Federal Reserve raises interest rates in the United States to the highest level since 2001
The Federal Reserve has increased interest rates in the United States by a quarter percentage point, bringing it to a range of 5.25 to 5.5 percent, which is the highest level since 2001. The central bankers of the Fed explicitly keep the door open for further interest rate hikes.
With this new increase, the pause in interest rate hikes that the American central bank initiated last month comes to an end. Prior to that, the Fed had raised interest rates ten times in a row. However, it proved insufficient to bring inflation under control. Particularly, the core inflation, which excludes the volatile prices of energy and food, remains high.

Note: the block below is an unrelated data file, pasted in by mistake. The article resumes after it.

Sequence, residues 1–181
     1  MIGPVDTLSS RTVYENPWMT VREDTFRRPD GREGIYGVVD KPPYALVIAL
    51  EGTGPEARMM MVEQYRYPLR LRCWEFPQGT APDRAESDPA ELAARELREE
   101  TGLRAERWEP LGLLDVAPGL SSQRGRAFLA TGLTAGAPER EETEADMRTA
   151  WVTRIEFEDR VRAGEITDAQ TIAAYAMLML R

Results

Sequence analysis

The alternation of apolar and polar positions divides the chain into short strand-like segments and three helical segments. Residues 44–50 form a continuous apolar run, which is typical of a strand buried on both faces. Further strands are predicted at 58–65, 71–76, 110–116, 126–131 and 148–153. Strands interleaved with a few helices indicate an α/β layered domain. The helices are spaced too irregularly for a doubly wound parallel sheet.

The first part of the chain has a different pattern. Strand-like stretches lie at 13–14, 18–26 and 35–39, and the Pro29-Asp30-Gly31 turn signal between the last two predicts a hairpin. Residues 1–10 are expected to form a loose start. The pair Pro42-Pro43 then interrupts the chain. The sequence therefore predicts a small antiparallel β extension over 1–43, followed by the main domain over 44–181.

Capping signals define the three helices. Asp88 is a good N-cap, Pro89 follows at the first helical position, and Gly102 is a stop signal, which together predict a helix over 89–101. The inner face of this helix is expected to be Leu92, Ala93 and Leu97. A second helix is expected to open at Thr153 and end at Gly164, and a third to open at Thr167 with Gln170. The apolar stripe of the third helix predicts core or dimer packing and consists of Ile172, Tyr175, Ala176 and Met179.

The Fed justifies the latest increase by pointing to the strong labor market. Labor shortages are leading to higher wages, which in turn fuels inflation. However, the robust labor market is also a sign that the U.S. economy is still resilient and not on the verge of an immediate recession.
Through the higher interest rates, the Fed hopes to moderate economic activity. Borrowing money becomes more expensive, and as a result, businesses are expected to be more cautious with investments. Consumers are also expected to borrow less money, for instance, to purchase expensive items.